Pablo Mastroeni joining Real Salt Lake’s coaching staff was seven years in the making.
It was 2014. Jeff Cassar had just been hired to replace Jason Kreis, and Mastroeni had recently announced his retirement as a player. It was then that one of Mastroeni’s former teammates and biggest advocates went to bat for him.
His name was Kyle Beckerman.
The RSL legend, who now coaches the Utah Valley University men’s soccer team, told The Salt Lake Tribune that he went to Mastroeni and took his temperature about taking a coaching job. It almost happened, too, Beckerman said, but didn’t end up working out.
Seven years later, Mastroeni became Freddy Juarez’s lead assistant, hoping to help RSL regain its footing and revive its culture both on and off the field.
“For me, Pablo is the best signing for RSL this year by far,” Beckerman said.
It’s only been four games of the Major League Soccer season, with RSL holding a 2-1-1 record. But Mastroeni’s presence, personality and passion has already made a significant impact on the club.
Juarez put Mastroeni in charge of the team’s defensive tactics. Through four games, RSL has conceded just four goals and recorded its first shutout last weekend against Nashville SC.
“Pablo is playing a major rule in our success with our back line. He enforces it a lot during the week,” goalkeeper David Ochoa said. “All the players, we trust him and we listen to him.”
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Mastroeni came to RSL from the Houston Dynamo, where he worked as an assistant coach under Tab Ramos in 2020. Salt Lake paid the Dynamo $50,000 in general allocation money to get Mastroeni out of his contract there.
Before Houston, Mastroeni spent six years as the head coach of the Colorado Rapids, where he played most of his career. In 2016, the Rapids allowed a league-low 32 goals under his stewardship and also didn’t lose a game at home.
That previous experience and success as a head coach was a big reason Juarez wanted to bring Mastroeni in.
“He knows when it is time that he needs to go and check on the locker room and see how the guys are doing, or have a chat with someone else, or when he needs to step back,” Juarez said. “He knows that because he’s been in my shoes.”
As a player, Mastroeni appeared in the 2002 and 2006 World Cup. He also won an MLS Cup in 2010, one year after RSL won its first and only title to date.
Former teammates describe Mastroeni as a cerebral man whose passion for soccer beams out of him. But if someone played against him, beware.
“He was an a--hole,” said Tyrone Marshall, a former RSL assistant coach who now coaches an FC Cincinnati academy team. “When I [say] ‘a--hole,’ I mean he got in your face. You love him as a teammate, you hate him as the opponent because he was on top of you. He didn’t give you a chance to breathe.”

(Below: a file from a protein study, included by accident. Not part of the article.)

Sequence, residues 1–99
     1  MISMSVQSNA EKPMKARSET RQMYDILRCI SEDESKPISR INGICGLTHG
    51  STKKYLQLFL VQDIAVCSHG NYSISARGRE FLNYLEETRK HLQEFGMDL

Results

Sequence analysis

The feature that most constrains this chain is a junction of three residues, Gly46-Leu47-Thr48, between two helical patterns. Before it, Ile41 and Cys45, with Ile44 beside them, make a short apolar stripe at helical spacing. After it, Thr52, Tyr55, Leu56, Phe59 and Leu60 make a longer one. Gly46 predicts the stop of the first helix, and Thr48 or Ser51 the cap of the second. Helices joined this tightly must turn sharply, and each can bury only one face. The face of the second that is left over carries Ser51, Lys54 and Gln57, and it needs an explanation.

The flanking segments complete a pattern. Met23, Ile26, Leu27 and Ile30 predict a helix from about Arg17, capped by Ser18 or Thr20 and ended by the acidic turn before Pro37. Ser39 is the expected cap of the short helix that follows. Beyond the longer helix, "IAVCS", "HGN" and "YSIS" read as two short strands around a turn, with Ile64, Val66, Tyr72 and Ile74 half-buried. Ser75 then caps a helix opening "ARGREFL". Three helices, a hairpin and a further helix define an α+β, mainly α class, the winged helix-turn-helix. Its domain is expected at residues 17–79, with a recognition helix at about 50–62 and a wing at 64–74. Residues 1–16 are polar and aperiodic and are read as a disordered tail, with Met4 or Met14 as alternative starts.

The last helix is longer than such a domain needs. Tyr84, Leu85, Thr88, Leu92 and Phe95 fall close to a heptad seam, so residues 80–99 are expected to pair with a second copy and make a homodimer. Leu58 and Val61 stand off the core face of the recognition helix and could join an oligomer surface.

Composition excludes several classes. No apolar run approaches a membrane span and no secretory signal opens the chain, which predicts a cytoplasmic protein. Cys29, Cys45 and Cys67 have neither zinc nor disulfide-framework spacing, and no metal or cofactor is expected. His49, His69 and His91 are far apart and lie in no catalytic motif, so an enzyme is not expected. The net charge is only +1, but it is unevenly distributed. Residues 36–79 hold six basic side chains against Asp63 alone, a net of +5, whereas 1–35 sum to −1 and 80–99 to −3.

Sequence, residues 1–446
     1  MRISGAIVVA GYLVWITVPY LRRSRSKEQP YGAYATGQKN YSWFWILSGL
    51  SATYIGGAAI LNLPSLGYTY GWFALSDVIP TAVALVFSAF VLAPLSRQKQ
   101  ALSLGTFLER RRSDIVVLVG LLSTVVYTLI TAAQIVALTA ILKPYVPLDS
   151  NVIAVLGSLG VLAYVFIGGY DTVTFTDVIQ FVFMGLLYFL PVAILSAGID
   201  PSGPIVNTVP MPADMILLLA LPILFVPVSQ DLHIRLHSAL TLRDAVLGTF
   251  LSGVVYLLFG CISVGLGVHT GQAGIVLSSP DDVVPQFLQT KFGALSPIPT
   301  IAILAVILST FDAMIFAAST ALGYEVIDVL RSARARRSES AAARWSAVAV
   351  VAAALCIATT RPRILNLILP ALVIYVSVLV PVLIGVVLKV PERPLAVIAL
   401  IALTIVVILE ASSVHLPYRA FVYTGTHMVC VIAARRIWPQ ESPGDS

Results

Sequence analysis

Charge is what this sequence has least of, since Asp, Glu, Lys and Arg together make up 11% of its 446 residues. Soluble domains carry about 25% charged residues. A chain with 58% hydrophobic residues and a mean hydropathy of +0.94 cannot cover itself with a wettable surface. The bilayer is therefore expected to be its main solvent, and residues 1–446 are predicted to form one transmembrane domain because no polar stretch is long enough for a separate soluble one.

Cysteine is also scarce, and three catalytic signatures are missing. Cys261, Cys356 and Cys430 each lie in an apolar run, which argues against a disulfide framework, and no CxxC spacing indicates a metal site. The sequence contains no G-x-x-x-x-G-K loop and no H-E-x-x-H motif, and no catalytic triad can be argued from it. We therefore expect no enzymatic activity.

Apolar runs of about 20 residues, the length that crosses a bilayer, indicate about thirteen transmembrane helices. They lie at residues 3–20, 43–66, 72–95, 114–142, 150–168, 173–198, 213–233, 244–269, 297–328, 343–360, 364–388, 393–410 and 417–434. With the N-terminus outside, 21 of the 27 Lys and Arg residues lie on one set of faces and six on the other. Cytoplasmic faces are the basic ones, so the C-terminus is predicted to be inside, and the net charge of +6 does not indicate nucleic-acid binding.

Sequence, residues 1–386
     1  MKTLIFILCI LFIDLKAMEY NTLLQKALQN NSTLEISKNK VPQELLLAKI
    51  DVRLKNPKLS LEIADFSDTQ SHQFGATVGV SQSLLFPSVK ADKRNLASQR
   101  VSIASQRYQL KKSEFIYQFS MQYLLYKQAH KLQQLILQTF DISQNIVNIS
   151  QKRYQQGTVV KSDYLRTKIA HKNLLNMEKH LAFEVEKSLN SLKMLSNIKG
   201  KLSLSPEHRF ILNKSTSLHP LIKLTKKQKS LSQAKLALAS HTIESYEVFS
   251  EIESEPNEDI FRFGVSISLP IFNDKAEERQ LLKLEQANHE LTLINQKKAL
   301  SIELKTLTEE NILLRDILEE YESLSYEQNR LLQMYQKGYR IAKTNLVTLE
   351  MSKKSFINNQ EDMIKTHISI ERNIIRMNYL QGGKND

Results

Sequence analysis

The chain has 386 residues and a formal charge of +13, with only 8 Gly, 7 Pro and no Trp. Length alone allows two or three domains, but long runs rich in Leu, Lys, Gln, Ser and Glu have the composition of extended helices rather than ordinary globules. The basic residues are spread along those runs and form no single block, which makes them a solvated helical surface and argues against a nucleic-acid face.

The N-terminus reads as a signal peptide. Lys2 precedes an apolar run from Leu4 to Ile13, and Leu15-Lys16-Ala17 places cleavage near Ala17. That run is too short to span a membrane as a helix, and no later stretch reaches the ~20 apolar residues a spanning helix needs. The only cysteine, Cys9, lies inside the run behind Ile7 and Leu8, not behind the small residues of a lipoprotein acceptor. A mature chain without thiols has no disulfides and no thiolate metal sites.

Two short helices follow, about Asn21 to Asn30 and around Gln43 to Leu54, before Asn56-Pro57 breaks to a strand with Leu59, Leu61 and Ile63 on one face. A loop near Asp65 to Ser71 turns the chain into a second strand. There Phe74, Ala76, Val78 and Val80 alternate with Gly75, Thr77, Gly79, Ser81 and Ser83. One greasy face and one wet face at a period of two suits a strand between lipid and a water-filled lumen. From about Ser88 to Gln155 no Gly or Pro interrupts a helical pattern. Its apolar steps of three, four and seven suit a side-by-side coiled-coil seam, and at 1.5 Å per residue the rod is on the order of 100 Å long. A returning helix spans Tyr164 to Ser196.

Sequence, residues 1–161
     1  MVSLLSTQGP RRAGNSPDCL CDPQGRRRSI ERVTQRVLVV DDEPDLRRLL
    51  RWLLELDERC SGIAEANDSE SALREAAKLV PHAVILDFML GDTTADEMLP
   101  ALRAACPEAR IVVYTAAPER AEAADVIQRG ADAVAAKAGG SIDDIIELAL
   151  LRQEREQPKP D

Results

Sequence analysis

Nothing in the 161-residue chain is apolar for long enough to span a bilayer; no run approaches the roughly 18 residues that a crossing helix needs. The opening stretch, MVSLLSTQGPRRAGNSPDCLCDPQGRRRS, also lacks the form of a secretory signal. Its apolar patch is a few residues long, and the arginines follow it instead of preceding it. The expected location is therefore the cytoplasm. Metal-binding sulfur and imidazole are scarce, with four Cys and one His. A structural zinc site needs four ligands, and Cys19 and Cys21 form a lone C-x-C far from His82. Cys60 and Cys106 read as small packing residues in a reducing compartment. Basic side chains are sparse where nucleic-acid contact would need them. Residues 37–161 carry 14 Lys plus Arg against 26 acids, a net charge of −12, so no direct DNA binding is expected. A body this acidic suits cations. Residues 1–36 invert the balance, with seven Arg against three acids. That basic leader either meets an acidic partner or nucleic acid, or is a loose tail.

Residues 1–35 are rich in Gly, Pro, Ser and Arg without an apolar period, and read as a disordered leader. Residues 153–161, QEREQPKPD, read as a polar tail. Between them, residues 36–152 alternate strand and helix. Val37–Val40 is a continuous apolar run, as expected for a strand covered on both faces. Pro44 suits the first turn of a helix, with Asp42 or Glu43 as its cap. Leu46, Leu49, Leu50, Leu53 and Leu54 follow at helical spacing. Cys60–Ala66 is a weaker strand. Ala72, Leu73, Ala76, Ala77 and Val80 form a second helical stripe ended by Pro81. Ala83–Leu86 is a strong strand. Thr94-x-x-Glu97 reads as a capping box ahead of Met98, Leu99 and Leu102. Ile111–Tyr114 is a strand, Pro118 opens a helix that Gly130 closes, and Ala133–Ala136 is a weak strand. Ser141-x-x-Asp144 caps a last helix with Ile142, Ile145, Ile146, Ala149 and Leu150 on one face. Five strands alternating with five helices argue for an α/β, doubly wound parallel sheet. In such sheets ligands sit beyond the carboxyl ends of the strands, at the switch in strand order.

Rapids coach Robin Fraser, who played with Mastroeni in Colorado, recalled the first time he trained with a young Mastroeni. He was a veteran player in his mid-30s and didn’t get challenged by his teammates much during sessions.
But it was different with Mastroeni, who Fraser said left both feet to win a ball against him.
“I just barely get out of the way before he breaks me in half,” Fraser said. “And I thought to myself, ‘What’s this kid doing?’ And then right at that moment, I go, ‘I love this because this is how you’re supposed to train and Pablo doesn’t care that I’m an old veteran in the league, experienced guy or whether you’re the youngest guy in league.’ He plays the way he plays.”
Mastroeni is far removed from his feisty playing days and the time he took off his Rapids jersey and stuffed it into his shorts as a clap-back to rowdy RSL fans at Rice-Eccles Stadium in 2006. He’s grown and matured since then, and learned about the game and himself throughout this coaching journey.
“What I think I’ve learned is until you really know who you are as an individual, it’s really hard to express yourself to others for them to understand,” Mastroeni said in January.
Beckerman said Mastroeni played multiple positions throughout his career — right back, center back, defensive midfielder — and used to constantly bark out instructions about where his teammates should position themselves. That level of communication and defensive knowledge seems to have worked its way into RSL’s team defense.
“Everybody knows what to do — all 11 people,” midfielder Nick Besler said. “Whereas maybe last year, it felt there might have been times where eight guys out of 11 were on the same page. Two or three guys not being on the same page, sometimes that’s all it takes to give up a couple of goals. This year it does feel more of a collective effort from all 11 guys on the field.”
Several players and Juarez said Mastroeni brings a positive attitude every day. Defender Donny Toia said he always has a smile on his face. Positivity is something Juarez has said was important to instill into the club.
“It’s easy to work for our coaching staff,” Besler said.
Juarez decided to completely overhaul his coaching staff for the 2021 season, letting go of coaches with whom he had worked for several seasons as an assistant under Mike Petke. Juarez said making those decisions led to many sleepless nights.
When it came to Mastroeni, something clicked immediately. RSL General Manger Elliot Fall said Juarez interviewed “dozens” of people for all the open coaching positions, but Mastroeni quickly emerged as his top choice.
Mastroeni felt the quick connection, too.
“When I spoke to Freddy for the first time, it was it was like I was speaking to someone that was thinking from the same place,” Mastroeni said.
Fraser’s memory tells him that when he and Mastroeni played together, his teammate didn’t seem to show much interest in coaching after his career on the field. But because of the constant passion that exuded from Mastroeni, he could tell that career move was likely in his future.
“So maybe I knew he was going to be a coach before he did,” Fraser said.